Two years ago, Hearst went all-in on voice, creating a 10-person team dedicated to innovating on new technologies. The same team is now responsible for creating a new feature to Hearst’s Good Housekeeping skill, which now has recipes with visuals made with the Echo Show and Spot in mind.
The skill, which had a soft release last week, is live and ready for use by Echo owners. Previously, the Good Housekeeping skill only offered content around removing stains, but now it’ll include recipes curated by Susan Westmoreland, the Food Director of Good Housekeeping.
Unlike My Beauty Chat, another Hearst Alexa skill sponsored by L’Oréal, the Good Housekeeping skill still has no sponsor attached to it. Hearst declined to share the number of downloads or users either skill has.
“It wasn’t a requirement to make money or subsidize the innovation,” said Chris Papaleo, Executive Director of Emerging Technology at Hearst. “We really wanted to challenge ourselves to get this consumer experience right for the kitchen use case.”
To get the kitchen experience right, the Good Housekeeping skill not only includes photos, but it comes with specific commands like “Alexa, tell Good Housekeeping to continue” to proceed to the next step in a recipe. On Echo Show and Spot devices, a user can also swipe left and right to browse different recipe categories as well as swipe up and down on an ingredient list.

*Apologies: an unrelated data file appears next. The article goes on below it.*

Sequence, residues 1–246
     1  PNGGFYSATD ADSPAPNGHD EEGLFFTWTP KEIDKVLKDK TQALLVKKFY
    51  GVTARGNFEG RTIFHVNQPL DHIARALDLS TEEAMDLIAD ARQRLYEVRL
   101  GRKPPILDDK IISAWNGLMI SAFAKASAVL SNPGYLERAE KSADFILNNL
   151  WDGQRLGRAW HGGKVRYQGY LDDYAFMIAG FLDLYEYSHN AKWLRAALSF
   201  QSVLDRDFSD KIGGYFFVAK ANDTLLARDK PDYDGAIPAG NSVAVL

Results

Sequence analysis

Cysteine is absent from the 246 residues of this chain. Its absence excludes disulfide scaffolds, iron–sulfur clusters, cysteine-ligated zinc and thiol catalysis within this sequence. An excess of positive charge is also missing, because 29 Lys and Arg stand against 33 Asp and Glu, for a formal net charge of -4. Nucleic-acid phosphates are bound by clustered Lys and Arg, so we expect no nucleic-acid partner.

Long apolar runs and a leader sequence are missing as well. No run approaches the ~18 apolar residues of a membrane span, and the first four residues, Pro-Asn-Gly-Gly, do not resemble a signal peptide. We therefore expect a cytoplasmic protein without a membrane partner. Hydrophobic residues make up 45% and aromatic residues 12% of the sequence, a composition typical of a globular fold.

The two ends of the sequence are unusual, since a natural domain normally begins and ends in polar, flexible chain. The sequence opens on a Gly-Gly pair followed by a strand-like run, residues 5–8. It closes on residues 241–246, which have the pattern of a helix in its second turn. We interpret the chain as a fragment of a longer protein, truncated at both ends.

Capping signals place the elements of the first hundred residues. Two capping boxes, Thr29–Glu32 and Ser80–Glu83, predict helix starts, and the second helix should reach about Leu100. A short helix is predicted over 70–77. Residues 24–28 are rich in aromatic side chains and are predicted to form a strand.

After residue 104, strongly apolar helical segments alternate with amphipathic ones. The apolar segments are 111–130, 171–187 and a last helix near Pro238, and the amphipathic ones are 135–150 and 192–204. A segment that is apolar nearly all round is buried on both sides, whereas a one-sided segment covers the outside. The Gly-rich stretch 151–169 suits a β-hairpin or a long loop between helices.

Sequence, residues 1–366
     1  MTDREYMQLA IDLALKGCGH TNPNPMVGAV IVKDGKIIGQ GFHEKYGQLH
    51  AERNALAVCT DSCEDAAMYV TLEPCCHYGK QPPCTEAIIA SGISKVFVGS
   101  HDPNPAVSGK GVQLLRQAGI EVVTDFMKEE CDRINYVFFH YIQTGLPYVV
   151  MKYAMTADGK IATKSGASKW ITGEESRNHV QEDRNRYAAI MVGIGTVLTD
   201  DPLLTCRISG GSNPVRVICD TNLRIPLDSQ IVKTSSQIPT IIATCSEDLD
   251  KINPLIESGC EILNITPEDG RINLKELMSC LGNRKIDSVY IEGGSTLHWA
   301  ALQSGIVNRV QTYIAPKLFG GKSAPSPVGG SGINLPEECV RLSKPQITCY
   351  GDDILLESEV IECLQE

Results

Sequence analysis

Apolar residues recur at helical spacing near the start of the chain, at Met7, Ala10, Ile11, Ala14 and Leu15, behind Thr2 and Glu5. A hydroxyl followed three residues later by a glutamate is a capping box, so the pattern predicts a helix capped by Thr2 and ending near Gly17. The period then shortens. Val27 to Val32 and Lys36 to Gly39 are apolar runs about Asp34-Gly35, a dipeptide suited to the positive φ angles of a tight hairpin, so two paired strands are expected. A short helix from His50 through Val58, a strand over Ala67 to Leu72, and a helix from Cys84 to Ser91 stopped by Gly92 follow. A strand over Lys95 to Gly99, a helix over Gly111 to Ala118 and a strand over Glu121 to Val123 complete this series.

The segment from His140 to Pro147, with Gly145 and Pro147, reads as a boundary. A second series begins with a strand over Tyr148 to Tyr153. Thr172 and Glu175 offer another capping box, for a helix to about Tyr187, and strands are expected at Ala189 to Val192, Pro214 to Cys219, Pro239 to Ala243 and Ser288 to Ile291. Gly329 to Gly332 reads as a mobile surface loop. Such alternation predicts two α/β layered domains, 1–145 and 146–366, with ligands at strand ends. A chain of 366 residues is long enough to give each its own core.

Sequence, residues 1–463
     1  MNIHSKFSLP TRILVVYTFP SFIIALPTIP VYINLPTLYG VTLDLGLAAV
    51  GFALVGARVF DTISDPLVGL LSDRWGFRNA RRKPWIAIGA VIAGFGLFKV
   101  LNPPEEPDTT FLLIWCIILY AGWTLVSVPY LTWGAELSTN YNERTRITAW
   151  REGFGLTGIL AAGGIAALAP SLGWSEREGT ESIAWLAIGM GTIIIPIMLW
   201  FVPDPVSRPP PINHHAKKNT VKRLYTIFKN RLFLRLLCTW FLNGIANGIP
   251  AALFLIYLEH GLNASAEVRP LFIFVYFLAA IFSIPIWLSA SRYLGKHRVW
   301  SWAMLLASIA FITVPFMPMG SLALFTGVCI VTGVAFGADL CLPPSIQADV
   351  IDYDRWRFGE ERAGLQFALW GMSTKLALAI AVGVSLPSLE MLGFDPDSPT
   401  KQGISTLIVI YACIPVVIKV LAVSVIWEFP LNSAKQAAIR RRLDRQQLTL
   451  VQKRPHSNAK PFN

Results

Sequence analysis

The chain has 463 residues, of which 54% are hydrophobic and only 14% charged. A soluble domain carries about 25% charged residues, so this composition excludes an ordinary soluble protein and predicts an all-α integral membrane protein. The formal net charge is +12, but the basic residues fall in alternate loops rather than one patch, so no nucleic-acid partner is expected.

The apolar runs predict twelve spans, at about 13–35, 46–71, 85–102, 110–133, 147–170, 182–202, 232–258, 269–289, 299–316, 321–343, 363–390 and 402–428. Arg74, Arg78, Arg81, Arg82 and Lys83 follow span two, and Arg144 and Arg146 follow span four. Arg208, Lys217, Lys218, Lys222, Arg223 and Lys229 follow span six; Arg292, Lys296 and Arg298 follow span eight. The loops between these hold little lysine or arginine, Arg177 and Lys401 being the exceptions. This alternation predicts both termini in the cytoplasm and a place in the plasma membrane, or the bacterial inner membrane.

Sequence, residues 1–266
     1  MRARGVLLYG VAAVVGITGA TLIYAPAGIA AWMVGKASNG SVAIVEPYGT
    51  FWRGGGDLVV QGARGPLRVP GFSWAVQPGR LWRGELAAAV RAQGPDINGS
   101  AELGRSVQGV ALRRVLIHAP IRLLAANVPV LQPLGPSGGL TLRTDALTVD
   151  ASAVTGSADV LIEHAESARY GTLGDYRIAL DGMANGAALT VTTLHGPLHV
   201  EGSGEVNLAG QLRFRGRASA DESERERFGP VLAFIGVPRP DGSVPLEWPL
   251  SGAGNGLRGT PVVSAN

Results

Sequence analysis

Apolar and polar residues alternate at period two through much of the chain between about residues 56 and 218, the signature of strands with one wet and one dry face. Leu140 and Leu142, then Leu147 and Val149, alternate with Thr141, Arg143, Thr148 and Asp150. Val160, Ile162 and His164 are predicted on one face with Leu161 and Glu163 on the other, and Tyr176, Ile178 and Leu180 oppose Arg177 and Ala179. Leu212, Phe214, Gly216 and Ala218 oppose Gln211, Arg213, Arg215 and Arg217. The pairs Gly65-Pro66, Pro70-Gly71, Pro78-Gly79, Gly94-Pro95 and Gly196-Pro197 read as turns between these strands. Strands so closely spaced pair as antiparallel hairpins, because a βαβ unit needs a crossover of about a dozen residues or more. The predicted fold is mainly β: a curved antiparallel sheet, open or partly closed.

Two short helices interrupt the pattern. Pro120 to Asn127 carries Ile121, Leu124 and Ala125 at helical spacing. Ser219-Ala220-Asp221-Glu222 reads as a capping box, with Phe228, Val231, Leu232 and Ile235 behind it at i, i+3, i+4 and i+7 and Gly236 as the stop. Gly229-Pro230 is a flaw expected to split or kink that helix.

Papaleo believes it’s a skill built for anyone who’s ready to cook or attempting to meal plan for the week. The team still strongly believes in the power of voice and the future of these products.
“I think something like the recipe experience represents a much more sophisticated interaction and we’re raising the stakes from what a user can expect [in terms of] information and utility from these devices,” Papaleo said.
The team is also betting on the continued growth of the Echo Show and Spot, as well as other companies like Google expanding Google Assistant into more smart displays. Amazon did after all tout that the Echo Spot sold out during the holidays. Papaleo thinks the number of people who own these devices will only continue to grow.
“We felt it was the right time to challenge ourselves for these bimodal experiences where they’re voice-driven, voice initiated but the experience is made more robust and rich because there’s complimentary visual content for the right scenario,” Papaleo said.